Clio Logo

Built in 1912 as a passenger station for the city of Salamanca, the rail station served to transport the city's inhabitants to the East Salamanca station situated on the other side of the town. In 1928 the Baltimore and Ohio (B&O) Railroad bought the Buffalo Rochester and Pittsburg Railway and enhanced the services of the rail station up until the year 1956 when the station closed.


  • A modern photograph of the Salamanca Rail Museum.
  • A color photograph of the Salamanca Rail Museum, taken in 1912.
  • An old photograph of the Salamanca Rail Museum taken some time between 1912-1930.
  • A more up close modern view of the Salamanca Rail Museum.

Salamanca Rail Museum

            Throughout the course of American history, the incorporation of the railroad system has played an integral role in the unification of America as well as a means to transport more efficiently across terrains. One such railroad system that played a large role in the everyday life of its customers was the Salamanca rail system in the town of Salamanca, New York. Since its’ construction in 1912, the Salamanca Rail System was utilized by its’ inhabitants on a daily basis to get from one location of the city to another in a short period of time that would’ve been far more arduous to do on foot. However, while this rail system was a useful means of its’ citizens to get from point A to point B for the longest time, it eventually faded into the background with the coming of more modern technological transports. Yet despite losing its’ touch as a favorable means of transport for the city’s inhabitants, the rail station remains an integral part of the town’s culture and a reminder of Salamanca’s past.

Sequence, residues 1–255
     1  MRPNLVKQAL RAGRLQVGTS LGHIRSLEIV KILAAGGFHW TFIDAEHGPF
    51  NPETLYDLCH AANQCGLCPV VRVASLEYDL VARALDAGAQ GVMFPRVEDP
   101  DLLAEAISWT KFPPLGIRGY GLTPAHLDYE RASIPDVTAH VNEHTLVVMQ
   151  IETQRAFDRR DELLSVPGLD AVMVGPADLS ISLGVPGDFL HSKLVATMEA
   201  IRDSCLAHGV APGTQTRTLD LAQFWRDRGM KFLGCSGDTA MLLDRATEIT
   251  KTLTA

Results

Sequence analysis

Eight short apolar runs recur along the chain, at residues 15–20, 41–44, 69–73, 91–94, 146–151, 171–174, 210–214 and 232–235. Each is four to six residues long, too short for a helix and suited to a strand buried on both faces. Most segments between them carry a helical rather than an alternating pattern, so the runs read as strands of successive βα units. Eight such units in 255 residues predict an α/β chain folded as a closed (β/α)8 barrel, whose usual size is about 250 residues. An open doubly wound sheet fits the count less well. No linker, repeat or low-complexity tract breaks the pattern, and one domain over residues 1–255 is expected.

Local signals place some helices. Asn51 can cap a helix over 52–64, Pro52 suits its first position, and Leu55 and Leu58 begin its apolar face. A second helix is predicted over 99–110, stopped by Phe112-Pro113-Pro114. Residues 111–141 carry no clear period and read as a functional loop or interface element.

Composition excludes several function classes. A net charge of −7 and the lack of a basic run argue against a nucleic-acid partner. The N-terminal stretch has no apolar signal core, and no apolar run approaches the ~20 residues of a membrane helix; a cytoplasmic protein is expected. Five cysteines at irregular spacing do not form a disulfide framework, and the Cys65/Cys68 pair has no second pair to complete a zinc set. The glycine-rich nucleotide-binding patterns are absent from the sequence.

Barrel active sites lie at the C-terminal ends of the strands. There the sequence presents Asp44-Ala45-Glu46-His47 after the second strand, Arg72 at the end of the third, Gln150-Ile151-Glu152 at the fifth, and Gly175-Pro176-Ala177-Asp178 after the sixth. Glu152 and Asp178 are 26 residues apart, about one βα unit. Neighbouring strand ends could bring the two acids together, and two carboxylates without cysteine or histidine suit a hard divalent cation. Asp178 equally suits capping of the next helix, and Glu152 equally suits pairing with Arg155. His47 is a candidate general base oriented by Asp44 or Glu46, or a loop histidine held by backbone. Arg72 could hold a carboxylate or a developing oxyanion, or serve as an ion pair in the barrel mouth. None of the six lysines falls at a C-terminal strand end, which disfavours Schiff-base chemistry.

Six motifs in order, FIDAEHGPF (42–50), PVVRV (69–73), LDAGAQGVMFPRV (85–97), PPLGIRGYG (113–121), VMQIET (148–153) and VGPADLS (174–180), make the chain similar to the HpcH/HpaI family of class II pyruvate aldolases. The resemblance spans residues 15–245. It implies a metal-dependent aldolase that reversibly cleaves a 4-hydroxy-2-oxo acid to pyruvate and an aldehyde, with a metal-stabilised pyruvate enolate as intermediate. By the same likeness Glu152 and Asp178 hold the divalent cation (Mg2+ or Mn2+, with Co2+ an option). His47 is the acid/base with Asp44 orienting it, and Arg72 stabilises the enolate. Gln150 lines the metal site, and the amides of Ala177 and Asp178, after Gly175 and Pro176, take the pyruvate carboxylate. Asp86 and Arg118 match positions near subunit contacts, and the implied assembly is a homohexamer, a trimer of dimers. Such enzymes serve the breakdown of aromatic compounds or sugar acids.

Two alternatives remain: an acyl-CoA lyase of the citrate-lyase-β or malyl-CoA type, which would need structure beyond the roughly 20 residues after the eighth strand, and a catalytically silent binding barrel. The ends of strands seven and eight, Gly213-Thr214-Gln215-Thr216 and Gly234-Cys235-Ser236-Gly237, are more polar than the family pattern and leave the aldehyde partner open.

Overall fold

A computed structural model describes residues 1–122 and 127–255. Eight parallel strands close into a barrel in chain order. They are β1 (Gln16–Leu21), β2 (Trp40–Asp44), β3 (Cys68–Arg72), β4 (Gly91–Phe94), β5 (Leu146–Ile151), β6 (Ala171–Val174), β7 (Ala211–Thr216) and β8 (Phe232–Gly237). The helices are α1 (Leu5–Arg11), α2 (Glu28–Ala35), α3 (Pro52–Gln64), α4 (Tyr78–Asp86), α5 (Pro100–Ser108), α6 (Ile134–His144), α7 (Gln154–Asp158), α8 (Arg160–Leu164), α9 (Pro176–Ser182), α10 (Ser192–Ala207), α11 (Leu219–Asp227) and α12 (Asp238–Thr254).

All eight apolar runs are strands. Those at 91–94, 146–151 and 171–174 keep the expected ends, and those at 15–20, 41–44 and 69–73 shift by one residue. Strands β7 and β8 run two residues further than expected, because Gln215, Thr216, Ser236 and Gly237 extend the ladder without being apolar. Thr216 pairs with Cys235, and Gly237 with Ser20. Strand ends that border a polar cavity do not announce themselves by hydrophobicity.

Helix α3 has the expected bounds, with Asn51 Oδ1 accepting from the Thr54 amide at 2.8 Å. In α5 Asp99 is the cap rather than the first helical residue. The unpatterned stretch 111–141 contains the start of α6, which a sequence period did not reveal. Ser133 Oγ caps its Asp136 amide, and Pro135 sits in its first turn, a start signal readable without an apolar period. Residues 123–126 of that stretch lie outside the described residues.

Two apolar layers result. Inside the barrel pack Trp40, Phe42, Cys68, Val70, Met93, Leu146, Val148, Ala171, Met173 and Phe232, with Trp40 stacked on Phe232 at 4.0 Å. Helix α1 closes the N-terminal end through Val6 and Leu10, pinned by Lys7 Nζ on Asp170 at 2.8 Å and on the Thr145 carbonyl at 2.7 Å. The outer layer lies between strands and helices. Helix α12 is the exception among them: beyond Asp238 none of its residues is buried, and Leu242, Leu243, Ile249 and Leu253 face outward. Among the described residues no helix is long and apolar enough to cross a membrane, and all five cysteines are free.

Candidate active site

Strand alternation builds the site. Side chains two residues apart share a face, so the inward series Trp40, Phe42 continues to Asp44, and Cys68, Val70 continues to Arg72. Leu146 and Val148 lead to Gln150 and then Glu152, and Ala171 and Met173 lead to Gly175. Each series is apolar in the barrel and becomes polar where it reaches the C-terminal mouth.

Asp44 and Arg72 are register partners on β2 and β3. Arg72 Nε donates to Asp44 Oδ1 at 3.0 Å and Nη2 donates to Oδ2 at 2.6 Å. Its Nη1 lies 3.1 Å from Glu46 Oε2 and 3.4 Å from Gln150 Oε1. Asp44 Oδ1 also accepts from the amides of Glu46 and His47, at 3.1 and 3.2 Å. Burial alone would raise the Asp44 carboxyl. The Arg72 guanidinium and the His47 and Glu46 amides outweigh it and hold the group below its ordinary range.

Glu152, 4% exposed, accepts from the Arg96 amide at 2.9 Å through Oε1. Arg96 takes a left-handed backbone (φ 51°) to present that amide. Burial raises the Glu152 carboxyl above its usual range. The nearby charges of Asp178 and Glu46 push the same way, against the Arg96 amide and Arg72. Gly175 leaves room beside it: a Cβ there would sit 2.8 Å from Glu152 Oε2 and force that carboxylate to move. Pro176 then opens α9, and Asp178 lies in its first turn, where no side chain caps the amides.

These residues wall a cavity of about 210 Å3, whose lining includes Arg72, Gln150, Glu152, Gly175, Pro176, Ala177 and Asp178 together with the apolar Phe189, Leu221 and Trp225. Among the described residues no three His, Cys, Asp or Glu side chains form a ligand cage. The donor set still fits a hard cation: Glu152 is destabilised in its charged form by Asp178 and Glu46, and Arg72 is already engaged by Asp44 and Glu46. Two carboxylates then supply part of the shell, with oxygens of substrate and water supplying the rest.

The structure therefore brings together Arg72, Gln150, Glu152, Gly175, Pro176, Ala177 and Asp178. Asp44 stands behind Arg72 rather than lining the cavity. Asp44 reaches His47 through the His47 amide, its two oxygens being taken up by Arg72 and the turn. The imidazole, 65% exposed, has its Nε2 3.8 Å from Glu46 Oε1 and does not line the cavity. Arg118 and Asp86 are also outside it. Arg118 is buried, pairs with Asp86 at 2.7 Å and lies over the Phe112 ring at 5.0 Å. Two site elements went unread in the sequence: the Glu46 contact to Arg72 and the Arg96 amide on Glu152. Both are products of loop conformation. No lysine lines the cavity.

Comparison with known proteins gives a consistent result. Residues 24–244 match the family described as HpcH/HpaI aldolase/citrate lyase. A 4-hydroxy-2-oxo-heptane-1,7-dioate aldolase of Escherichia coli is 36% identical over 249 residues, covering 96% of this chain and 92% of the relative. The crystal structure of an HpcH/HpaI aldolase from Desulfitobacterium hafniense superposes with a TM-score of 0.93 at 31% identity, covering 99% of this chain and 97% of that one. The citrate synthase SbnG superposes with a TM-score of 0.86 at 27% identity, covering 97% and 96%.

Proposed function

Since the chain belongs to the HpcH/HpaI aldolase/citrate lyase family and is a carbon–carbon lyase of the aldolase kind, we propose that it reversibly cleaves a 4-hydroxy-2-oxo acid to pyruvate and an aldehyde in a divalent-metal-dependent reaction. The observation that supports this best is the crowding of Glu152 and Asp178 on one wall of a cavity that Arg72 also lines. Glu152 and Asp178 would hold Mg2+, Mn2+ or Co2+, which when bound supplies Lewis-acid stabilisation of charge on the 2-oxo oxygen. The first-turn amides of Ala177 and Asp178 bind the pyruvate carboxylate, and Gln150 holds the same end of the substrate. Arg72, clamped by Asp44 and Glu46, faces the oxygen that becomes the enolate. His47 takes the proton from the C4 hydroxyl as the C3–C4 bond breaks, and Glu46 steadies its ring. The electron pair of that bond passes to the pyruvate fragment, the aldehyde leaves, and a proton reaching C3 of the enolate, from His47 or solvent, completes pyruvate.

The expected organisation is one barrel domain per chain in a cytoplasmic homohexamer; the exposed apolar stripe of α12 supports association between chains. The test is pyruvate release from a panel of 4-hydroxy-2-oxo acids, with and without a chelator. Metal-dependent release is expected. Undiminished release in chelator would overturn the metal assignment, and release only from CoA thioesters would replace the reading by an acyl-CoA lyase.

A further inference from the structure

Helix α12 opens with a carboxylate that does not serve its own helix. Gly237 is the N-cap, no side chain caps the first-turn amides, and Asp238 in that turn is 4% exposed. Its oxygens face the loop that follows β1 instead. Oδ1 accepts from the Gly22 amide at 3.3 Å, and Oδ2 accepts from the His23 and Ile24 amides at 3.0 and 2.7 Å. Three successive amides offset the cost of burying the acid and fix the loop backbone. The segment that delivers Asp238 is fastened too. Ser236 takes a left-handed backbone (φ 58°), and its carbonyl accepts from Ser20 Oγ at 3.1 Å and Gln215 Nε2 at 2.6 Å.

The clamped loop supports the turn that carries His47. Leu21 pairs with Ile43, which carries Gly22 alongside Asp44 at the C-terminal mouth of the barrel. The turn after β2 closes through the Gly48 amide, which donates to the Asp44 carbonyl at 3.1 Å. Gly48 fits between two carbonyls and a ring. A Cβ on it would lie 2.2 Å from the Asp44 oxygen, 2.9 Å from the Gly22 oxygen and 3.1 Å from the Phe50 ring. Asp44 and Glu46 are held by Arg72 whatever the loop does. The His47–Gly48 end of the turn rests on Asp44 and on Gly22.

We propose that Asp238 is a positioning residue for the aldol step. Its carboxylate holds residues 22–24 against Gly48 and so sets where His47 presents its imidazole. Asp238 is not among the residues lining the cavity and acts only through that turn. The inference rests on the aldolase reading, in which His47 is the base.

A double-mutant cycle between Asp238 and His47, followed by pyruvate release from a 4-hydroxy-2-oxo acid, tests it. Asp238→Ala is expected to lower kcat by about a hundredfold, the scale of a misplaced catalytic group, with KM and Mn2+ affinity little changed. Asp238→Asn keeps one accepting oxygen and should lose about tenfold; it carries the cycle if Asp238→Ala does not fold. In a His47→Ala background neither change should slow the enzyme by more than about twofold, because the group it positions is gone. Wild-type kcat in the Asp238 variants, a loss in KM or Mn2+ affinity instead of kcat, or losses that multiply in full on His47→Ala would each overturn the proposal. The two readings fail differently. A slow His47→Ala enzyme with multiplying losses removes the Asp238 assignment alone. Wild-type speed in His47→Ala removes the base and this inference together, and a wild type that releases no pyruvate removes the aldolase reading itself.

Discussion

While the rail system remains an important focal point of the town’s history, the city of Salamanca holds an equally important role during the course of New Yorks’ history. Prior to its’ establishment as a city, the land that would become the vicinity of Salamanca was once the home to the Seneca nation of Native Americans. Traditionally, called the “people of the hill” or “Nation of Snakes” by their enemies, the Senecas were considered the most warlike and ambitious of the Iroquois tribes who contributed over half of its fighting force to the league. Although designated as one group, there are multiple Seneca tribes throughout North America which include the Tonawanda from Akron New York, who are the most traditional of the Seneca. Second, the Senecas of the Grand River from Ontario, Canada, third the Seneca-Cayugas of Oklahoma. During the course of the eighteenth century, the Seneca nation found itself in the middle of European-conflicts which included the French and Indian War.